Nuclear wastewater decontamination by 3D-Printed hierarchical zeolite monoliths†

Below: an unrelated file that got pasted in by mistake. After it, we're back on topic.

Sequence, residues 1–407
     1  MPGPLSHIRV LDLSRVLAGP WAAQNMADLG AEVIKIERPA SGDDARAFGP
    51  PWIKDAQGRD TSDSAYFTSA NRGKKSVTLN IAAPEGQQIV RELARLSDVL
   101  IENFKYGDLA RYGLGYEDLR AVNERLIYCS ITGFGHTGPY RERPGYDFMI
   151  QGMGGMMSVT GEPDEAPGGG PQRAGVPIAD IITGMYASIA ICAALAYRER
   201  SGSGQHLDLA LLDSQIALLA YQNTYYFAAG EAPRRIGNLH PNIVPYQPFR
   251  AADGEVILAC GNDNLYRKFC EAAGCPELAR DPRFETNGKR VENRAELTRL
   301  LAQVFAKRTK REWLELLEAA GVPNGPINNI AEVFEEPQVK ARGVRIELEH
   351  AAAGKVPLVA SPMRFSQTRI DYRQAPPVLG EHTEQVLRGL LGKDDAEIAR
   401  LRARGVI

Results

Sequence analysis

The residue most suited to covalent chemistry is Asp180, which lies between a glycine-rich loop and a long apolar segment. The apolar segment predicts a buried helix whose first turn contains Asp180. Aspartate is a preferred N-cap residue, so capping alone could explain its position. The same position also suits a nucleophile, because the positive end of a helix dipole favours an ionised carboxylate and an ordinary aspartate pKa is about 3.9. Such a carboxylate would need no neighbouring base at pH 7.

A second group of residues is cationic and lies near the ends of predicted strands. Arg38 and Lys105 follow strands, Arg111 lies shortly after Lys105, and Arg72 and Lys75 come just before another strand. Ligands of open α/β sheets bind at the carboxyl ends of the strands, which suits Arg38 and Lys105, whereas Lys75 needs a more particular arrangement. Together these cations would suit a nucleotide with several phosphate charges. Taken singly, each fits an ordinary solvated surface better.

The selective removal of radioactive cationic species, specifically 137Cs+ and 90Sr2+, from contaminated water is critical for nuclear waste remediation processes and environmental cleanup after accidents, such as the Fukushima Daiichi Nuclear Power Plant disaster in 2011. Nanoporous silicates, such as zeolites, are most commonly used for this process but in addition to acting as selective ion exchange media must also be deployable in a correct physical form for flow columns. Herein, Digital Light Processing (DLP) three-dimensional (3D) printing was utilized to form monoliths from zeolite ion exchange powders that are known to be good for nuclear wastewater treatment. The monoliths comprise 3D porous structures that will selectively remove radionuclides in an engineered form that can be tailored to various sizes and shapes as required for any column system and can even be made with fine-grained powders unsuitable for normal gravity flow column use. 3D-printed monoliths of zeolites chabazite and 4A were made, characterized, and evaluated for their ion exchange capacities for cesium and strontium under static conditions. The 3D-printed monoliths with 50 wt% zeolite loadings exhibit Cs and Sr uptake with an equivalent ion-capacity as their pristine powders. These monoliths retain their porosity, shape and mechanical integrity in aqueous media, providing a great potential for use to not only remove radionuclides from nuclear wastewater, but more widely in other aqueous separation-based applications and processes.